Your employer can help you save up for a rainy day. Not enough of them do.

Tens of millions of Americans can't seem to save much money on their own, which becomes a challenge when they must pull out credit cards to meet emergency expenses, pile up other bills or face repossessions. A personal financial struggle can turn into a workplace problem if it leads to anxiety, reduced productivity or absenteeism.

No wonder more employers are paying attention to the savings challenges faced by many of their workers. Thousands of corporations already help their staffs save for retirement through 401(k) programs and similar plans. What if they gave a similar nudge for savings accounts designed to help employees get through short-term cash crunches?

Several financial companies including Fidelity, BlackRock, Mass Mutual and the Sunny Day Fund have designed programs tied to emergency savings. Some programs, such as that offered by SecureSave, encourage employers to provide incentives for their workers, usually with matching funds as they typically also offer with 401(k) plans.

Other employer-provided incentives can include modest enrollment bonuses and payments when workers hit milestones such as reaching a certain dollar amount in their accounts.


"We tell employers a little bit of money (through incentives) goes a long way," said Devin Miller, one of SecureSave's co-founders. Another co-founder is Suze Orman, the popular financial television commentator and best-selling author.

"We're trying to improve the public's ability to survive," Miller said.

Employers pay fees to SecureSave, though the program is free to employees who sign up. The savings that workers accumulate are held in FDIC-insured accounts with a partner bank. The program won't make anyone rich – the current yield is just 0.8% and can fluctuate. But if the accounts can help workers get into the habit of saving regularly, then they have done their job.

"Some people don't know what it's like to have a savings account," Orman said in an interview. "This program can change your behavior."

An emergency savings account also can make it easier for employers to recruit and retain employees in a highly competitive job market. "When an employee suddenly has $400, $800 or $1,000 in an account, they give credit to themselves and to their company," Orman said. "They now have a deeper psychological loyalty to their employer."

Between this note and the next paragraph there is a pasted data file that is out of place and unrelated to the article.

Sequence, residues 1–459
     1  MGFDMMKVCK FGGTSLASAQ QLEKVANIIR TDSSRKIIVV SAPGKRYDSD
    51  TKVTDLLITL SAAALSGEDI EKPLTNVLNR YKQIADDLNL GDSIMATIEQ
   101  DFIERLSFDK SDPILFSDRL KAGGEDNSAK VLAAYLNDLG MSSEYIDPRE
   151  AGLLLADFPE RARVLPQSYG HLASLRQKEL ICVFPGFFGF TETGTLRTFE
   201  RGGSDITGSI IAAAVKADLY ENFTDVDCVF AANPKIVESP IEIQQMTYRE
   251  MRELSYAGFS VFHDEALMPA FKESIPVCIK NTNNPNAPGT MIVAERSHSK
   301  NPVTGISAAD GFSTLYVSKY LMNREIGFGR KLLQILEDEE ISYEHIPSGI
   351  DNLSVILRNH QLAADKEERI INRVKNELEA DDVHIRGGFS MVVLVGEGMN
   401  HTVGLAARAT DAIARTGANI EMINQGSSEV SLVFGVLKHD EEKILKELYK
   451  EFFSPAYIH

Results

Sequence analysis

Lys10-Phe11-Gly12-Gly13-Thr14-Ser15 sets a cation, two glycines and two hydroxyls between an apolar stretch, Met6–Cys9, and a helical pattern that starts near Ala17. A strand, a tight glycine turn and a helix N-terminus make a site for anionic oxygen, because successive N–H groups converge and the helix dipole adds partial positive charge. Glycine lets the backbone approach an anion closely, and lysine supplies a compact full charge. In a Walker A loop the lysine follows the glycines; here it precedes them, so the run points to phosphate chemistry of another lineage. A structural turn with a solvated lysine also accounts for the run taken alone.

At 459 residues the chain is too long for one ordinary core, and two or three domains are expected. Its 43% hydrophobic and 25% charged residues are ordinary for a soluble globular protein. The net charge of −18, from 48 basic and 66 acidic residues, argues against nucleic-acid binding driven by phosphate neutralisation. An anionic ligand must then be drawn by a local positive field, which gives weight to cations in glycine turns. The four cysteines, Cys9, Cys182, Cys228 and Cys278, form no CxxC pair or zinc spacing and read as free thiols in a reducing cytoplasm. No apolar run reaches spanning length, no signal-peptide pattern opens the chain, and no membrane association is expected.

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How the savings programs work

Details of these programs vary. With SecureSave, an employer might contribute $100 to $200 a year in matching funds to a worker's emergency savings account. Employers also might offer a bonus of, say, $50, to encourage workers to sign up or when they reach various savings milestones.

Employers also typically promote 401(k) retirement plans and encourage participation with matching funds. But unlike with 401(k) plans, which typically are used more heavily by highly compensated workers, the benefits of an emergency savings plan can trickle down more noticeably to lower-paid individuals. "This provides funding to the people who need it the most," Miller said.

It's worth noting that 401(k) plans frequently allow participants to take out loans against their balances, but this isn't necessarily a wise option, especially if used to meet small-dollar, short-term expenses. Besides, not all employees participate in workplace retirement programs, especially younger, lower-income people who haven't yet embraced a savings mentality.

With a workplace emergency savings account, a worker might start saving $25 per paycheck, then later bump that up to perhaps $35 or $50. Participants often begin to recognize that "If they don't see the money, they won't spend it," Orman said. "They realize they don't miss that extra money, and they're saving for the first time."

Unlike some of the other relatively new emergency-savings programs, Miller said SecureSave is focused on saving, without trying to get employees to sign up for credit cards, student loans or something else.

Good results at Humana

Health insurer Humana recently incorporated the SecureSave program into its benefits lineup, with favorable results.

Humana, which ranks as one of Arizona's larger nongovernmental employers, rolled out the SecureSave program this past summer. So far, close to 70% of Humana employees have signed up for the benefit, totaling more than 34,000 people who collectively have saved more than $12 million over the first three months. That works out to around $350 per participating employee so far.

"Financial matters are one of the highest sources of stress for Americans," said Jessica Klein, senior vice president of total rewards at Humana, in an email. "When people experience financial stressors, their physical health, interpersonal relationships and ability to contribute fully in the workplace and in their personal lives can all suffer."

Humana offers a $100 sign-up bonus and a $20 match each biweekly pay period. Klein said it was important that the company's emergency-savings program was simple and easy to understand.

"Employees are always in control of how much they save, when they access their money, no matter the reason, and they always own the account, even if they leave Humana," she added.

Humana executives have long recognized that financial security is a key component of overall health and well-being, Klein added. "Helping employees build short-term financial resilience positively impacts all parties – individuals, the company and ultimately Humana’s members and patients."

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This article originally appeared on Arizona Republic: Saving up for emergencies can be tough. Here's how employers can help.